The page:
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The Working Life of Linda Fabiani MSP
W/E 6th February 2005

Week commencing Monday 31st January 2005

Well, it’s Tuesday night and I’ve just got back from my two day trip to Dumfries and Galloway. I’m seldom in that part of the country, but when I am I marvel at how lovely it is. I was really lucky with the weather - winter sun – and driving around was a pleasure.

I learned a lot during my trip. My first stop was Dumfries & Galloway Housing Partnership – an organisation which took over all the Council stock – looking at their regeneration plans and learning about the particular difficulties of servicing the large and diverse area covered by them. I then drove to St. John’s Town of Dalry for a really well attended public meeting about housing. I have known for some time that there are huge issues in Galloway about the lack of housing for local folks, particularly the younger generation, and the ongoing impact on rural communities. It’s only when you meet the people directly affected though that you realise just how disheartening it must be to want to live where you feel you belong, but find it impossible. Local communities have taken up the cause though and Dumfries and Galloway Small Communities Housing Trust, the Scottish Rural Property Business Association, Glenkens Affordable Housing Group and Glenkens Community Council all had representatives at the meeting.

I loved the poster that one of the groups brought along – it just summed up what has to happen – RETURN PEOPLE TO WORKING AND LIVING IN OUR RURAL AREAS.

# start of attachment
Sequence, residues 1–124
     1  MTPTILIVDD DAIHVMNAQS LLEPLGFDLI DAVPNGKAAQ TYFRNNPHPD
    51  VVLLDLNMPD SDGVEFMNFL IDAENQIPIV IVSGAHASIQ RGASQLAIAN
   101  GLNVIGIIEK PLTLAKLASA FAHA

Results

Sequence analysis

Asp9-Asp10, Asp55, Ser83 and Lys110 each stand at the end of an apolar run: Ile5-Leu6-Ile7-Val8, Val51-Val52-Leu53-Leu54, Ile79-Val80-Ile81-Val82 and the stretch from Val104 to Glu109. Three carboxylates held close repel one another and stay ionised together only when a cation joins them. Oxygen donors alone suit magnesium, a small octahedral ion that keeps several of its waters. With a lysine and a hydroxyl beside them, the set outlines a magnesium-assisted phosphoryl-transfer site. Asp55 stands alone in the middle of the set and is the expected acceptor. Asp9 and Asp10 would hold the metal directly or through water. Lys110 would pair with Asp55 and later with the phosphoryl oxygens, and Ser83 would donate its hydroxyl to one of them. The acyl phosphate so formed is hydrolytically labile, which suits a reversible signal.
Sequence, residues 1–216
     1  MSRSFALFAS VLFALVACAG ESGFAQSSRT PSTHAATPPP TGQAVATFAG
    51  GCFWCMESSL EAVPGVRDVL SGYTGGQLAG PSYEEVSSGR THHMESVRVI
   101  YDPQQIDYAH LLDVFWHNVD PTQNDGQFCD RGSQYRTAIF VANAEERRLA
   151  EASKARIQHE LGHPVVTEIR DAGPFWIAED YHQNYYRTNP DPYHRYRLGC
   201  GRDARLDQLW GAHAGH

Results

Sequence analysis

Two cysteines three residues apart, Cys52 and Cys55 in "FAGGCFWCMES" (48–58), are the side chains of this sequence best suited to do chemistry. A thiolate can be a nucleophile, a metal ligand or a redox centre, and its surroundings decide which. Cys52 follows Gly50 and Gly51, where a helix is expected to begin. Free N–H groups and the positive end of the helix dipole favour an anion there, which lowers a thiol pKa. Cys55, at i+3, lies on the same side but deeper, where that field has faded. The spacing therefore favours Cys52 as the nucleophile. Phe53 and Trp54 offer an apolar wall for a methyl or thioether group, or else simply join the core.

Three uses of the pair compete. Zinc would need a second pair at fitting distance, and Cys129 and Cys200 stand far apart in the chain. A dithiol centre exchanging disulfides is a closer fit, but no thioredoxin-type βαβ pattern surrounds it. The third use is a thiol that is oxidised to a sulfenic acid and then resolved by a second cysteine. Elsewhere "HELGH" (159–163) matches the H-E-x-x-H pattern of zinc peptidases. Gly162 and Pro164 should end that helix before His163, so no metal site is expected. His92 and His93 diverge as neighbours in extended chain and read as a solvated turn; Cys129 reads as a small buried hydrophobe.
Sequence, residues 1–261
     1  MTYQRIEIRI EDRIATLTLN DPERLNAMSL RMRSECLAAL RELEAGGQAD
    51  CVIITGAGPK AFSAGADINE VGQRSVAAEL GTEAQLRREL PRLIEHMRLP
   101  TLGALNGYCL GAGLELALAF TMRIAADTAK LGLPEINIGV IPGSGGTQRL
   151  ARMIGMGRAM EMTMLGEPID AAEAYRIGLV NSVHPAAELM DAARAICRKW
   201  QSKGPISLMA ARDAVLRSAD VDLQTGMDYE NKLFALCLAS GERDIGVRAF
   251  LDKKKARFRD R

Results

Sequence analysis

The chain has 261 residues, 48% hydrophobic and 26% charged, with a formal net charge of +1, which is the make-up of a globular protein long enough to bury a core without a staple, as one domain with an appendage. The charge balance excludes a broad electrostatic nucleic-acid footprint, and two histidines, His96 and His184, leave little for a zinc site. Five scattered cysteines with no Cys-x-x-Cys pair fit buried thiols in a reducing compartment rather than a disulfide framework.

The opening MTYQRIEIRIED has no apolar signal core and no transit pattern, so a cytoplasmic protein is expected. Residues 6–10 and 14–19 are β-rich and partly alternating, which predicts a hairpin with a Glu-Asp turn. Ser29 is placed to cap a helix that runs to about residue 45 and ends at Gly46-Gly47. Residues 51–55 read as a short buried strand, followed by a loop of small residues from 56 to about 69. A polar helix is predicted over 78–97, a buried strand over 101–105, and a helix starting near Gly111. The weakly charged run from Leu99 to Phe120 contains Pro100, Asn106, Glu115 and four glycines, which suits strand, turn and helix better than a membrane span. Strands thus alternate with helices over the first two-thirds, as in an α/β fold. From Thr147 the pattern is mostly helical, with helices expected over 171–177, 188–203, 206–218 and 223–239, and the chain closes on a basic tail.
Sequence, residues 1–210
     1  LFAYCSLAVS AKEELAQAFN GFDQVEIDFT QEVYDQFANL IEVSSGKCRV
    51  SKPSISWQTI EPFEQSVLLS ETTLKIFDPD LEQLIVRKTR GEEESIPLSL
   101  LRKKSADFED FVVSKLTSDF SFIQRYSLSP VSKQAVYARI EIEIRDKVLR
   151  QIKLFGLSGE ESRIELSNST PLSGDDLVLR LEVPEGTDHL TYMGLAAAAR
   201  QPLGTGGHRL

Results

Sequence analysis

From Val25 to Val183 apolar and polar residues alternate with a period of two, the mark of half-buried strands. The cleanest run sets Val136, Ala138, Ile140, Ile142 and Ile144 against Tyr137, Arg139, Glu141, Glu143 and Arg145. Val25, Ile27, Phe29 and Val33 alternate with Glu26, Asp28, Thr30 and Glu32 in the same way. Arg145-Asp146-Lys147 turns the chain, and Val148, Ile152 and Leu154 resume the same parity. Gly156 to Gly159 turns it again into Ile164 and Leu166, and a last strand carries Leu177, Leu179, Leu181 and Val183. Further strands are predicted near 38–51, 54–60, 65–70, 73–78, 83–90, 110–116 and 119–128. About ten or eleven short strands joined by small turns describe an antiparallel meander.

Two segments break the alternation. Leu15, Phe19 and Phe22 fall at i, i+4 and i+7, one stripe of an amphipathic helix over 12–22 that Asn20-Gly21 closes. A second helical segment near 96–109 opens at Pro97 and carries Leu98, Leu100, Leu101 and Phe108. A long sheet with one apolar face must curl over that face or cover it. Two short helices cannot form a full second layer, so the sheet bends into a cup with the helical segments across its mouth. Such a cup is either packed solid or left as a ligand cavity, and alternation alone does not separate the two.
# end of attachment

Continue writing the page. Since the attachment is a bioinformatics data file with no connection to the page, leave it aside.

On Tuesday I visited Crichton Campus in Dumfries which in educational terms is allied with both Glasgow and Paisley Universities, and ties in with Hamilton’s Bell College Nursing programme. There is also a ‘business park’ on site. The commitment of all – staff and students, management board members – was obvious and again, the philosophy of enabling local people to study close to home, so practical and sensible. This valuable resource must be retained and expanded for the benefit of Galloway. I wish them much good fortune in their funding quest.

Wednesday morning – Communities Committee – more on the proposed Charities legislation, this time grilling the Minister. So, next step is for our Committee to prepare its Report, and then that will go to Parliament along with the Executive’s proposals for the Stage 1 debate.

The Cross Party Group on International Development met at lunchtime to discuss the ‘Make Poverty History’ campaign. It is crucial that we all pull together on this; in our Parliament, in Wales and North of Ireland, and of course in the UK. It’s especially relevant to us this year though because of the G8 meeting in Gleneagles in July and the UK Presidency of the European Union later in the year. Gleneagles is in my colleague, Roseanna Cunningham’s Perth constituency, and she’s been speaking with lots of local groups and individuals about the disruption that’s likely to be caused. Most folk though are saying that they are willing to put up with the disruption as long as some good comes out of the G8 meeting. Rosie has put down a motion in Parliament to reflect that feeling and I hope that it’s ‘signed up to’ across the political parties:

S2M-2372 # Roseanna Cunningham: G8 Summit—That the Parliament recognises that the G8 Summit being held in Gleneagles, Perthshire, from 6 to 8 July 2005, offers an opportunity for Scotland to debate issues related to international aid, trade justice and debt relief; acknowledges that there will be inconvenience and disruption to many communities as a result of hosting this summit, and is of the view that such disruption can only be justified if the representatives of those countries with the greatest economic power arrive at decisions which will allow countries in the developing world to grow and prosper, at their own pace and in their own way, by the provision of appropriately-targeted aid, debt relief and a just framework of trade rules.